When Joshua wasn’t eating properly and vomiting bile as an infant, he was rushed to Johns Hopkins Hospital in Baltimore, where he was diagnosed with Hirschsprung’s disease, a lack of nerve ganglia in the colon, and Down syndrome.
June became a strong advocate for Joshua, who went to Marshall Street School for his elementary years, then Boonsboro Middle School and graduated from the Washington County Job Development Program at Marshall Street School.
“She wanted to make sure Josh had the best education,” said Sarah, who is a middle-school special-education teacher in Frederick County.
“She was determined to give him the best that was possible,” Kevin said. “She juggled that and raising a daughter.”
June was the third generation of her family to be a Pythian Sisters of Keedysville, and moved up through the ranks until she was grand chief from mid-1992 to mid-1993. The grand chief chooses a service project, and hers was a lending library for Marshall Street School while Joshua was a student there.
During Sarah’s middle-school years, June worked two jobs. She would get her children off to school, leave at 9 a.m. for her first job at a pain clinic, then work the 3-to-11 p.m. shift at the hospital.
“She loved it,” Kevin said. “She liked doing her job. She really liked working at the pain clinic.”
With Sarah involved in high school band and sports, June gave up her job at the pain clinic so she could be at all of Sarah’s games and performances.
“She came to every volleyball and basketball game and track meet. She came to every band concert and parade. She’d drive me to school in the morning. She was always there,” Sarah said.
June and Kevin would drop off coolers of food and drinks for team members, and June would provide medical care when an injury cropped up during games.
“The basketball girls loved her and called her ‘Mom,’” Sarah said.
Kevin and Sarah got involved in Civil War re-enacting, which held little interest for June. To entice her mother, Sarah sewed two dresses for June, which had the desired result.
“She didn’t enjoy it, but she came out because Sarah made clothes for her,” Kevin said.
June was diagnosed with breast cancer in 2000. She had a double mastectomy, followed by chemotherapy. After five years, she was declared cancer-free.
In 2010, June found a lump near her clavicle. A test revealed the cancer was back, this time in her lymph nodes and bones.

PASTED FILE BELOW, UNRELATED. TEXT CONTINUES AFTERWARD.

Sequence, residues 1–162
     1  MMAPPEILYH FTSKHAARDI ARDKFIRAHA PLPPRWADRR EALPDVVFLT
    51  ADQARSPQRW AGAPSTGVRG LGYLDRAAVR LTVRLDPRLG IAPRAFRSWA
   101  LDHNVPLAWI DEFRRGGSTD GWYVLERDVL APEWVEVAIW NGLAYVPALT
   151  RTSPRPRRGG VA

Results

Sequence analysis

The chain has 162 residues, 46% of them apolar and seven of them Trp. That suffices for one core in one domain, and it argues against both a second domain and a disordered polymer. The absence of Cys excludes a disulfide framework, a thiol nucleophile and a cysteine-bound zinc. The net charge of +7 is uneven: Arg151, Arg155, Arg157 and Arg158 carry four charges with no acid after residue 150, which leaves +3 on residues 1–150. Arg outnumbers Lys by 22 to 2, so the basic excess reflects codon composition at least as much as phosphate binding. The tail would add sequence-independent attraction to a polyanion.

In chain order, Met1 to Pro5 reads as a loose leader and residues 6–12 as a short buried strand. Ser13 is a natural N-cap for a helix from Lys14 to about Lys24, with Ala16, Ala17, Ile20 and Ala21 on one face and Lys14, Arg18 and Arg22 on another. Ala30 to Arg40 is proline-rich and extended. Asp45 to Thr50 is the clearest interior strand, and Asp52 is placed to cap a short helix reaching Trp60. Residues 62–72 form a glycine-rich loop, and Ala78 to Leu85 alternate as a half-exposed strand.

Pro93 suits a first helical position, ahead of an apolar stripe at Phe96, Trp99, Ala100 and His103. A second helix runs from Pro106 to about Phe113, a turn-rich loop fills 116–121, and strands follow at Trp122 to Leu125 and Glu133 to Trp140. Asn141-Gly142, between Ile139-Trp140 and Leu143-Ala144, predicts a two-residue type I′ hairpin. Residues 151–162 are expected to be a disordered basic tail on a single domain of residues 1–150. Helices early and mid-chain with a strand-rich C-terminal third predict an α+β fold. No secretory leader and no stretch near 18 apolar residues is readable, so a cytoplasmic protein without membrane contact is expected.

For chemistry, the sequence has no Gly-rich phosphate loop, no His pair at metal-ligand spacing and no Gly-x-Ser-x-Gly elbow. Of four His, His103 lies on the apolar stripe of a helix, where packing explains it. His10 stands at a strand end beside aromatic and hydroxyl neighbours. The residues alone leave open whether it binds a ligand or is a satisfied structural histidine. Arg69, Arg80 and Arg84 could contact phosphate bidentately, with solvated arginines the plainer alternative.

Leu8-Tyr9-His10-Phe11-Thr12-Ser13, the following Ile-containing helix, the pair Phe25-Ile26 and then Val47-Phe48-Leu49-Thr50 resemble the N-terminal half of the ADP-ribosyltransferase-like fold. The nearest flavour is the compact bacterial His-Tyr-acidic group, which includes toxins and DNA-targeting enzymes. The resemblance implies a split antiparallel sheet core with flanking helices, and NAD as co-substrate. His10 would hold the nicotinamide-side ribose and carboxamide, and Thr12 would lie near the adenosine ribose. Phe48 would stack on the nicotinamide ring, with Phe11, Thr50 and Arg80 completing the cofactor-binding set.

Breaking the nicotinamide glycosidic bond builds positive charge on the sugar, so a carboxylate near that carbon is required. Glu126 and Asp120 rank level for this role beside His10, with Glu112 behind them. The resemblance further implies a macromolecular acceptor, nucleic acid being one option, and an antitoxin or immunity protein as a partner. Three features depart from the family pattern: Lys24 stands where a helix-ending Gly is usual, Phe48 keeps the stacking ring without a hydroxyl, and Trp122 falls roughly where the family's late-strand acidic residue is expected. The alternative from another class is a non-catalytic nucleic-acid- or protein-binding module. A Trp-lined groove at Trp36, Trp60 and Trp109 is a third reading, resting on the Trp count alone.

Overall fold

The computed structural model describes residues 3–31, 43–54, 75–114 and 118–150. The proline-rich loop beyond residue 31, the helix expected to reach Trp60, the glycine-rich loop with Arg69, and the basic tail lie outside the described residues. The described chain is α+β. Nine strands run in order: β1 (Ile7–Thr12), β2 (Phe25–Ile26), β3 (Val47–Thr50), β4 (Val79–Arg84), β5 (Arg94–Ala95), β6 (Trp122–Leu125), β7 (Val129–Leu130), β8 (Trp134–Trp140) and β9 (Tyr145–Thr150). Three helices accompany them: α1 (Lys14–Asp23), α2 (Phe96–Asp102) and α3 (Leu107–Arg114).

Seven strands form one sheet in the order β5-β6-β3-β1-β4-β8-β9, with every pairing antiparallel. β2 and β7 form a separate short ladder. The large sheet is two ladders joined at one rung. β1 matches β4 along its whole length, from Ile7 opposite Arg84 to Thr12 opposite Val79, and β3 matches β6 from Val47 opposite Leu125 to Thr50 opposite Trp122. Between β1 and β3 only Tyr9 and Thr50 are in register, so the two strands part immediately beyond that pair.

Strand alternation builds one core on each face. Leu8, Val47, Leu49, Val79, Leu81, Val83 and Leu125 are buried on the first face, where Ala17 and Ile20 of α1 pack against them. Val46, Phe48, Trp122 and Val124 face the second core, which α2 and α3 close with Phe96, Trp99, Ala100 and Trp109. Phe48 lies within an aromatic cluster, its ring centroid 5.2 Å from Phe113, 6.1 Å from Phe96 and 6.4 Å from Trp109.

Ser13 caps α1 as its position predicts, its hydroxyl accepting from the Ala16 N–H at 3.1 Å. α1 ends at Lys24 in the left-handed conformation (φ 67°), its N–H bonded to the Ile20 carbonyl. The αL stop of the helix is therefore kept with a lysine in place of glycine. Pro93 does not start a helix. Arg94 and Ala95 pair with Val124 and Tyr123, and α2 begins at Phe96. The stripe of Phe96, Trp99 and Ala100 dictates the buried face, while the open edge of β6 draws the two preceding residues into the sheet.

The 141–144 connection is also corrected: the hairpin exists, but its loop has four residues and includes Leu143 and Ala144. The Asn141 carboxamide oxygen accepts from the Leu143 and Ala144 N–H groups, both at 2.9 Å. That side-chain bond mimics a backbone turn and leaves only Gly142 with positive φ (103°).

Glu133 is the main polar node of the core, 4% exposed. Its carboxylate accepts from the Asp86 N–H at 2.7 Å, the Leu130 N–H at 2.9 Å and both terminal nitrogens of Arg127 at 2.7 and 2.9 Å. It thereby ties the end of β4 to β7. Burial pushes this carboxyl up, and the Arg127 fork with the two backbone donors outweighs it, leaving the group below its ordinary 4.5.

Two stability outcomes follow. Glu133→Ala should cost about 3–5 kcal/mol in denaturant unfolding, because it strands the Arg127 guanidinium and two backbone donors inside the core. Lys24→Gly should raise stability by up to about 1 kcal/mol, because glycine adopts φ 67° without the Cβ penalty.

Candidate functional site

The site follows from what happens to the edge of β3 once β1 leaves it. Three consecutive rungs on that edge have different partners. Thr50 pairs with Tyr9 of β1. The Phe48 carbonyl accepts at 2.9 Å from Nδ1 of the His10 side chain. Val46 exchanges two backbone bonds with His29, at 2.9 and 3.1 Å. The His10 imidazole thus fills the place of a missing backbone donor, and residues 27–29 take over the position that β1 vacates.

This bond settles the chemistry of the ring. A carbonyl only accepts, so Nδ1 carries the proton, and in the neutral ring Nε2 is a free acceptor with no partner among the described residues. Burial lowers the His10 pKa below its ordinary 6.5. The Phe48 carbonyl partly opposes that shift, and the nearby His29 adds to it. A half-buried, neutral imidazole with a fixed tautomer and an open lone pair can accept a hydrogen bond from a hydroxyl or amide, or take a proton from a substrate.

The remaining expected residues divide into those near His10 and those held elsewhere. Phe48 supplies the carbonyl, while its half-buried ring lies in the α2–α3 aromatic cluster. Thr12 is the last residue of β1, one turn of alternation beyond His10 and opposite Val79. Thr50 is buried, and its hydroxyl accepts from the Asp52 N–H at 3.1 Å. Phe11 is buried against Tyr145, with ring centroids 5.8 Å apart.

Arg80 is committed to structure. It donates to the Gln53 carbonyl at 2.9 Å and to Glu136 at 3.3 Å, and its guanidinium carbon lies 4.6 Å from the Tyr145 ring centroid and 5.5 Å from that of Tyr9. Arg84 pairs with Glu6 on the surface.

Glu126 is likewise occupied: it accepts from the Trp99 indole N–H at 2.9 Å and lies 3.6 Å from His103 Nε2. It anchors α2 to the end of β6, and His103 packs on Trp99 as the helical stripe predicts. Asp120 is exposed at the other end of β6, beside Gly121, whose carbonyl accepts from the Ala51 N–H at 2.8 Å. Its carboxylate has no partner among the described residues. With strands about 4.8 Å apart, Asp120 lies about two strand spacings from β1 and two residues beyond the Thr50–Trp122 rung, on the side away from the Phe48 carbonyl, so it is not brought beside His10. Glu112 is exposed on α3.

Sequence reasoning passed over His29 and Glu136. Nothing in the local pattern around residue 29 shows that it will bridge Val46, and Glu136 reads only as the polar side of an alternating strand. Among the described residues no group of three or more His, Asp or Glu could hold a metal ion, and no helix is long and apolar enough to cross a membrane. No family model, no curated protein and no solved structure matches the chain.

She never gave up believing she would beat the cancer, and treatments seemed to be working until last summer, Sarah said. As a nurse, June knew the tremor in her left hand meant the cancer had gone to her brain, which an MRI confirmed.
“She kept holding out hope the chemo would work,” Sarah said.
June continued treatments until her white-blood-cell count was too low. She continued to work as a nursing supervisor, with Kevin driving her for the 60- to 90-minute commute each way after she stopped driving in late January.
“Going to work was normalcy, her regular routine,” Sarah said.
On May 5, she went to work after a radiation treatment and collapsed, the last day she worked at the hospital.
Kevin said June had a fear of death and wouldn’t talk about dying, so they found it best to go about life as though nothing was happening, for her sake.
June was “very stubborn,” and there were several medications she only would take from visiting Shady Grove nurses or if her doctor ordered it. Hospice was called in only in her last week of life.
“She was a tremendous nurse, but a terrible patient,” Kevin said.
The nonstop line of visitors for the four-hour viewing and standing-room-only crowd for her funeral said it all.
“She touched a lot of people,” Kevin said.
Editor’s note: Each Sunday, The Herald-Mail runs “A Life Remembered.” Each story in this continuing series takes a look back — through the eyes of family, friends, co-workers and others — at a member of the community who died recently. Today’s “A Life Remembered” is about June E. Harris, who died July 31 at the age of 53. Her obituary was published in the Aug. 1 edition of The Herald-Mail.